NASHVILLE (Tenn) - TOP US officials on Saturday offered reassurances that the worst of the economic downturn is likely over, helped by unprecedented efforts to keep credit flowing, though the recovery will be slow.
Two Federal Reserve policy-makers, Vice Chairman Donald Kohn and New York Fed chief William Dudley, both pointed to signs that measures taken by the US central bank are indeed working to help revive the economy.
And Paul Volcker, a senior economic adviser to the Obama administration and a former Fed chairman himself, said the rate of the economy's decline is set to slow.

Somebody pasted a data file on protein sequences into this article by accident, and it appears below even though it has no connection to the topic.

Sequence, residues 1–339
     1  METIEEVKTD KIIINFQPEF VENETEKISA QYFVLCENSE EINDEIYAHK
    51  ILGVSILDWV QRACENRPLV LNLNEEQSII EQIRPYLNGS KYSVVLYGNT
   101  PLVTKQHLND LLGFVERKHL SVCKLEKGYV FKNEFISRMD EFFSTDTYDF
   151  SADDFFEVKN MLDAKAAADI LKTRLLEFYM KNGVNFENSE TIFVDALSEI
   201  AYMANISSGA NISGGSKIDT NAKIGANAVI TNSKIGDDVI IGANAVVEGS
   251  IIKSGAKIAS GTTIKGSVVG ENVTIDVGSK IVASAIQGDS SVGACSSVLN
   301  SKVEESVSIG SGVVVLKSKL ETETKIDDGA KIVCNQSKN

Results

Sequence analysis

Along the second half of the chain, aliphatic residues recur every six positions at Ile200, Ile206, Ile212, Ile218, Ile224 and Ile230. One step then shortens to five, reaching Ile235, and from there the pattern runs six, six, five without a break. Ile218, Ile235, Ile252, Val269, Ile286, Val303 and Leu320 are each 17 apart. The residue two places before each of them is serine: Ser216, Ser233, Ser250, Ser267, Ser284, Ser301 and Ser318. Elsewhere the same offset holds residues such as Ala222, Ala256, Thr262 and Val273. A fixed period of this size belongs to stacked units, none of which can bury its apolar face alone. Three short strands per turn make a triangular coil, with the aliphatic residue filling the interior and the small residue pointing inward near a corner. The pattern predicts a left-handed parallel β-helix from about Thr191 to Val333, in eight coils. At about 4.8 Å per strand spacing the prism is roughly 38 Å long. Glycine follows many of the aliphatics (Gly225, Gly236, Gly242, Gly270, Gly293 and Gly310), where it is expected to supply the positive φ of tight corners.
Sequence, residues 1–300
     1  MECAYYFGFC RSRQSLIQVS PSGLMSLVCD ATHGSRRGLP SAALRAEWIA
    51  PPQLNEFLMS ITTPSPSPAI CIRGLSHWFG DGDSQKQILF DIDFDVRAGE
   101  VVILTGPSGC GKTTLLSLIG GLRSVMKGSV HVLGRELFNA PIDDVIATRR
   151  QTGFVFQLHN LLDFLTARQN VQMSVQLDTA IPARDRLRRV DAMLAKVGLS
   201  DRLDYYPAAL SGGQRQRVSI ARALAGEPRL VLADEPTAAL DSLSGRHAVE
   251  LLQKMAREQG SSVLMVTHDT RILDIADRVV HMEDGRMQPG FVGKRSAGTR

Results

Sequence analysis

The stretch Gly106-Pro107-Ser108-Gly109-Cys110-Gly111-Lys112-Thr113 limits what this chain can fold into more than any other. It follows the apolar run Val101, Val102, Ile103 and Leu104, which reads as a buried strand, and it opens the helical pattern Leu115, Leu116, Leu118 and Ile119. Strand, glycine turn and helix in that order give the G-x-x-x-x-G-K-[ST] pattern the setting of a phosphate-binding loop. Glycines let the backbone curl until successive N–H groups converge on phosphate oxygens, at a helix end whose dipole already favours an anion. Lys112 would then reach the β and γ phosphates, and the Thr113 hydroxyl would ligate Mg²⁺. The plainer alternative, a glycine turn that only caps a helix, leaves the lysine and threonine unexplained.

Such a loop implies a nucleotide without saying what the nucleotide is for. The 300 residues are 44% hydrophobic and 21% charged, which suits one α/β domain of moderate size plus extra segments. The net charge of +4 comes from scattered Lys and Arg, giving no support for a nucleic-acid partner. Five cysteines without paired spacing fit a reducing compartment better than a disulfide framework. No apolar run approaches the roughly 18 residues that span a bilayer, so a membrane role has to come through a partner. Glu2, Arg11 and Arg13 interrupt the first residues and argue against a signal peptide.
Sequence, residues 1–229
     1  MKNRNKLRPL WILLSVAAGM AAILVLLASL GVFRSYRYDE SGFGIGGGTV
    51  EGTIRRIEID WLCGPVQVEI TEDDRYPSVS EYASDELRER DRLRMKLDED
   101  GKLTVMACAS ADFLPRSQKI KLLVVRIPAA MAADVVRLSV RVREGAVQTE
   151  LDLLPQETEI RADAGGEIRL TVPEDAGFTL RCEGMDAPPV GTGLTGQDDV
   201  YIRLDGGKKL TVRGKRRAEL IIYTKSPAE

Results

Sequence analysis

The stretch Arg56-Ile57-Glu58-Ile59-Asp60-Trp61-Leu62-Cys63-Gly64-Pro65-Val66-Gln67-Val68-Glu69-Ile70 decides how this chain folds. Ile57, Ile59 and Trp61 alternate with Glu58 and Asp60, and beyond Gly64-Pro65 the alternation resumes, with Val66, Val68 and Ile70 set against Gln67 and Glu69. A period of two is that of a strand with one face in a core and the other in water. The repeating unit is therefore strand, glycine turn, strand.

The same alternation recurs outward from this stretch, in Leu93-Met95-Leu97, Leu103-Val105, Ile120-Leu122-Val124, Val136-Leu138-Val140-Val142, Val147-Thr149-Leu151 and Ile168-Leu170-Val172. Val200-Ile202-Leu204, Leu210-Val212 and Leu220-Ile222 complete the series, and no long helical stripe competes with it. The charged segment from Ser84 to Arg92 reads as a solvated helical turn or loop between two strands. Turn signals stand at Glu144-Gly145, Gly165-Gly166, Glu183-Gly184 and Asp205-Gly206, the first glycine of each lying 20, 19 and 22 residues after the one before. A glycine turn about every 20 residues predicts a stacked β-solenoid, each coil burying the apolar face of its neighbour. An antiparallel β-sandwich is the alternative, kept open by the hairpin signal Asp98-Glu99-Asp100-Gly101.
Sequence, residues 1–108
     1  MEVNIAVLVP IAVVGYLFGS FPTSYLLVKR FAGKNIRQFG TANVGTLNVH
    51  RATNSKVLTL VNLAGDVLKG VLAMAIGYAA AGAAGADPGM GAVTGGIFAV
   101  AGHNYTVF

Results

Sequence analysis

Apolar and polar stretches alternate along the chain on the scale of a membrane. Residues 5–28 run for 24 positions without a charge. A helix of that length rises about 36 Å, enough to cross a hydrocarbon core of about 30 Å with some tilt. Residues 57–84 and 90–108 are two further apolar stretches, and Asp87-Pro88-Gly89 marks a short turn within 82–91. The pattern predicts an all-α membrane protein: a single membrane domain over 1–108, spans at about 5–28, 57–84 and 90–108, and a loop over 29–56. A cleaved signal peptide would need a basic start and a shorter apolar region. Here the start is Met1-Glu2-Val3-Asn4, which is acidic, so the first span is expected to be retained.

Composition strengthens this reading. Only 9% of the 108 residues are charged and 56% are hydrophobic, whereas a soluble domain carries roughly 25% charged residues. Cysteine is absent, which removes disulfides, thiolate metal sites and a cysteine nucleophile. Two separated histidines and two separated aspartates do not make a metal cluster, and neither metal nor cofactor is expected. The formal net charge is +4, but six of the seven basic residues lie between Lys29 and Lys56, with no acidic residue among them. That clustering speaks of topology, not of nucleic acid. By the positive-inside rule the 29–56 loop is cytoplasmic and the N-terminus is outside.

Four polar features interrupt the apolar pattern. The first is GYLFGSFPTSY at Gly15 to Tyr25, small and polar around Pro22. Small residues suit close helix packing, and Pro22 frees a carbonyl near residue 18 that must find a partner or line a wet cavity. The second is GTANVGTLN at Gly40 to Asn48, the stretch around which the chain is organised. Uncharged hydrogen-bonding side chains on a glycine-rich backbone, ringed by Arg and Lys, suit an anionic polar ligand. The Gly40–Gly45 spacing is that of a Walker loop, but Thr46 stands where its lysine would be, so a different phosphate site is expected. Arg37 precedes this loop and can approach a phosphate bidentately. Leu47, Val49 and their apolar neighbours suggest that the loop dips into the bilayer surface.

Mr Volcker, who like the other officials spoke at a conference of policy-makers and academics at Vanderbilt University, said, however, that the economy faces a 'long slog' toward recovery.
Fed officials often stress that there is a lag before the economy responds to measures taken to support growth, such as interest rate cuts, and that those lag times can vary.
Since the financial crisis erupted in 2007 the Fed has slashed its benchmark lending rate from a peak of 5.25 per cent, reaching the current range of zero to 0.25 per cent in December 2008.
The Fed has also created an alphabet-soup of programs to support credit markets and revive lending in different segments, especially home mortgages.
While the central bank's emergency measures have caused the Fed's balance sheet to balloon to over US$2 trillion (S$3 trillion), Mr Kohn and Mr Dudley dismissed worries that the measures could lead to inflation down the road, saying they have plenty tools to drain excess cash from the system when necessary. -- REUTERS